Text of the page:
Saving The Monarch


For the past two years, I’ve been gathering monthly with a group of diverse and talented women. Within the group, there is a doctor, lawyer, political consultant, financial advisor, non-profit manager, artist, director/actress and me - rancher/cook. We discuss all kinds of topics, offer advice and get updated on each other's lives.

At one gathering, as we swirled our glasses of wine, chatting and waiting for our hors d’oeuvres to arrive, one of my friends announced that she had just joined the Sierra Club. She asked if we were we aware that the Monarch butterflies were under severe threat and suggested that we get involved to save them.

The discussion went on with ways to do just that. We’d plant butterfly gardens, put seed packets together for distribution and so on. I sat listening to most of the ideas and volunteered to seed the recently disturbed acre area around my studio at the ranch with milkweed and other butterfly attracting wildflowers.

As I listened to the optimistic ideas that were being discussed with great enthusiasm, my prairie restoration/conservation mind kicked in. Without thinking, and as our food was being served, I opened my mouth and the following pessimistic words fell out, “All of this sounds really great, but we are saying one thing and we are doing another. If we really want to save the Monarch and any other threatened species, we shouldn’t put this (pointing to the food and lifting up my wine glass) in our mouths. All of this food has been grown with some sort of chemical, herbicide, or pesticide and is killing the very thing we want to save. Our suggestions are a band aid approach for an issue that is going to require real change in our everyday choices.”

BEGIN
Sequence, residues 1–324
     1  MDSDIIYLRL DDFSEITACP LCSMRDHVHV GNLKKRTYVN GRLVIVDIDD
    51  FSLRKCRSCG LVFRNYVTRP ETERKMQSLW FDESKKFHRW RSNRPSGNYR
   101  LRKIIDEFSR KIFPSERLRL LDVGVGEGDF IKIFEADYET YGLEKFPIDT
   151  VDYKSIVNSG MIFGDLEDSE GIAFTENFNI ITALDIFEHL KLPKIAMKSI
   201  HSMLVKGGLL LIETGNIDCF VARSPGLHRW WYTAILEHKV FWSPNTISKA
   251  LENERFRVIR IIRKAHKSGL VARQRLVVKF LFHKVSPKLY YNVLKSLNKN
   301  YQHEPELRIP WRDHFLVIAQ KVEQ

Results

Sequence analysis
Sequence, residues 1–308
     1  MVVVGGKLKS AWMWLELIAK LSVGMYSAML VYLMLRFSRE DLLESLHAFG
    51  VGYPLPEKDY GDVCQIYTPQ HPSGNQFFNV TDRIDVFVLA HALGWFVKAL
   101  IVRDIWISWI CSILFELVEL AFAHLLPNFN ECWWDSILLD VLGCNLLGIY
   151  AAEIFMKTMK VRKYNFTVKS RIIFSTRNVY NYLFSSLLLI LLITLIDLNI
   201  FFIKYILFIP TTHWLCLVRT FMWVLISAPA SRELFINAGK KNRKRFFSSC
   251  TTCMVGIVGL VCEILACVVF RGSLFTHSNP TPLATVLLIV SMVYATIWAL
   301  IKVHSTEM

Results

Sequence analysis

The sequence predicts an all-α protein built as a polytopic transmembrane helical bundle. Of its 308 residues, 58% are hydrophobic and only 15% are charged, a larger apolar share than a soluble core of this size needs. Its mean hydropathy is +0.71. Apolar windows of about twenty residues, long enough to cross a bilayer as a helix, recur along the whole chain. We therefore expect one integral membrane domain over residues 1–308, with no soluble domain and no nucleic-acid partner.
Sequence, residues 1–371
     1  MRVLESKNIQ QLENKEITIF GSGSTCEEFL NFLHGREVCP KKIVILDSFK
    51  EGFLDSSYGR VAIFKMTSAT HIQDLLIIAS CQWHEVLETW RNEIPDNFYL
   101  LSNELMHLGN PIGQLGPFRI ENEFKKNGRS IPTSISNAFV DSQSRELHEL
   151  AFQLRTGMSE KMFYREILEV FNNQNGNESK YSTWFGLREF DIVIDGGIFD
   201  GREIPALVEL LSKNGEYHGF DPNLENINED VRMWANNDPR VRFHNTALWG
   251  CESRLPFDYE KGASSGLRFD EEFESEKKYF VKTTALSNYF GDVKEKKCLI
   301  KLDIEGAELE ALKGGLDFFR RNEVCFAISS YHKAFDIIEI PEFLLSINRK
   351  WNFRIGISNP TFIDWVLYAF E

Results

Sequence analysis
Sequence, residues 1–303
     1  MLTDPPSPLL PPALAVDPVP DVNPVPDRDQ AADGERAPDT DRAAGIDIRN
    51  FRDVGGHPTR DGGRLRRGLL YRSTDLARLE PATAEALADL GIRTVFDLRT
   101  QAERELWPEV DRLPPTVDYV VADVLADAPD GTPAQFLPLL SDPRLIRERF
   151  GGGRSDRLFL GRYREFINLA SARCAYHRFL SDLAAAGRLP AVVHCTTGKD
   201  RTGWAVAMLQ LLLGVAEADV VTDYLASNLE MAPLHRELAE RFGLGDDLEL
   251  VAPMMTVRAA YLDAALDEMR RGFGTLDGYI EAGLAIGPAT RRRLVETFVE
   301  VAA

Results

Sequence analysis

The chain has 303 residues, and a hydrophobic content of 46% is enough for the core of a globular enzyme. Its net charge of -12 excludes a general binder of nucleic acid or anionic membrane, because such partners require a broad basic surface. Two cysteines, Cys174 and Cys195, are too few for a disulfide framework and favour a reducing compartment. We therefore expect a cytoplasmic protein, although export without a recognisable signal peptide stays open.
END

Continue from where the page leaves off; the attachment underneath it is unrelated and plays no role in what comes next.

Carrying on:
All went silent as I realized that my preachy words had sucked all of the joy out of our joyful evening. The friend who had joined the Sierra Club said, “Yes - you are probably right, but right now we are hungry and thirsty, so we will do better tomorrow.” I tried to recover from my overly-opinionated comments and said, “That’s all any of us can do," as I reached for the first plate.   

After returning home that evening, I was curious to learn more about the Monarch, so I opened my laptop and did a little research and learned the following:

  • Monarch’s have four life cycles: 1) egg 2) caterpillar 3) chrysalis 4) adult butterfly.
  • There are four generations of the Monarch in one year.
  • An adult Monarch lives for two to six weeks and dies after laying their eggs on their host plant, milkweed.
  • The 4th generation of Monarch's live longer, flying to warmer climates in Mexico, where they hibernate for six to eight months and then start the whole cycle all over again.
  • According to the US Fish & Wildlife, a billion Monarch butterflies have vanished since 1990.
  • The World Wildlife Fund stated that the Upper Midwest grasslands have been drastically converted into soy bean and corn fields, which require large amounts of herbicides and weed-resistant chemicals, killing the Monarch’s host plant, milkweed. The female Monarch flutters across these areas in search of a host plant to lay her eggs, but their habitat has been wiped off from this landscape as 97% of milkweed has been eradicated from these areas.

My next click on the computer was to a nursery that specialized in prairie wildflower seeds, where I placed my order for milkweed and other favorite butterfly loving plants and flowers. I sowed the seeds last spring and fall... fingers crossed that I will see some results this year. What else can we do? Giving up isn’t an option. So... together, we’ll continue to do the best we can. We’ll educate each other, plant butterfly gardens, and when we can, eat sustainably.

BTW: March 14th is National Learn About Butterflies Day! At Wild Idea Buffalo Co. we can't imagine a world without butterflies! We would like to do more in supporting the recovery efforts of the Monarch and other important pollinators. So, today, Wild Idea will contribute 10% of our meat sales to the Monarch Butterfly and Pollinators Conservation Fund. Together one bite at a time, we can make a difference!

Shop Wild Idea Buffalo meat products and help Save the Monarch!


Learn more on how you can help here:


  • Posted on by Sverre